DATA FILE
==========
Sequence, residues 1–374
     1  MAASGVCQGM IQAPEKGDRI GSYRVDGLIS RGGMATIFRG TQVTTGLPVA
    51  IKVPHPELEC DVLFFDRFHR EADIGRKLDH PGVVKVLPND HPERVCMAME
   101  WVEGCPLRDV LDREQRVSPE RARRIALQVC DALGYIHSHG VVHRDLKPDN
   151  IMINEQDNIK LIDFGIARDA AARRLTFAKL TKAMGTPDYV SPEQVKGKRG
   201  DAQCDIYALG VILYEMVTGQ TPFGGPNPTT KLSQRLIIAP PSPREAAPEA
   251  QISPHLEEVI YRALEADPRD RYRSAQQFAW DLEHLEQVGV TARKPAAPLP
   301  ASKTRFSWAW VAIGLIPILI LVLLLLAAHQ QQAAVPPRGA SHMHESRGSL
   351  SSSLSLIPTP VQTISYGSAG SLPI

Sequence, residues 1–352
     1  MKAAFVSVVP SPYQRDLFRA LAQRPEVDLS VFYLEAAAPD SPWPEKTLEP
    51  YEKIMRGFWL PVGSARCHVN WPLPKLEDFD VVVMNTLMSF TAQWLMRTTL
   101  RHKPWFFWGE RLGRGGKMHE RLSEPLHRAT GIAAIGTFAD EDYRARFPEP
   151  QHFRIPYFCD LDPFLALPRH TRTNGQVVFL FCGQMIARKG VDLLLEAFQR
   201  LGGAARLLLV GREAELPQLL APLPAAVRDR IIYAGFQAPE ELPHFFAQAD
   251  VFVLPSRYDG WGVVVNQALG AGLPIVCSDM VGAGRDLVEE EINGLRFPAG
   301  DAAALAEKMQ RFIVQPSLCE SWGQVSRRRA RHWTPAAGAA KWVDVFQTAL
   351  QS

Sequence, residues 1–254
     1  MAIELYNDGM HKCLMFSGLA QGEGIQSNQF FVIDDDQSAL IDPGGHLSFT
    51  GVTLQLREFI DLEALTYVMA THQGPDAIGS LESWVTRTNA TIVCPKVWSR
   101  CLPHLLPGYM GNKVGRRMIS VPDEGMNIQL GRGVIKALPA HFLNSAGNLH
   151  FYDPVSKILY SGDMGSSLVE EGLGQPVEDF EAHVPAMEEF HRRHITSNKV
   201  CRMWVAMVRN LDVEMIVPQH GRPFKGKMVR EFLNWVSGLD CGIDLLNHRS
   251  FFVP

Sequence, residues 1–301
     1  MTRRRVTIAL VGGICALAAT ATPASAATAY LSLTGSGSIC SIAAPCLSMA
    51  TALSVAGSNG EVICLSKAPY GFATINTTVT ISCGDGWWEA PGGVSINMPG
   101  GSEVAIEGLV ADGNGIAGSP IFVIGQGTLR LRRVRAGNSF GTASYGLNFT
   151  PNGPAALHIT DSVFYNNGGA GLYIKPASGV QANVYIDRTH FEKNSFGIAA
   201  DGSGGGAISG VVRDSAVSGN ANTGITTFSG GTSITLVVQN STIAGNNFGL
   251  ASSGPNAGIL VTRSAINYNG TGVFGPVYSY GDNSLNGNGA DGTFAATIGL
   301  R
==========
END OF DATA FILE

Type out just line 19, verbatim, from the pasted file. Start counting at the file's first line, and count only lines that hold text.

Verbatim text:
Sequence, residues 1–254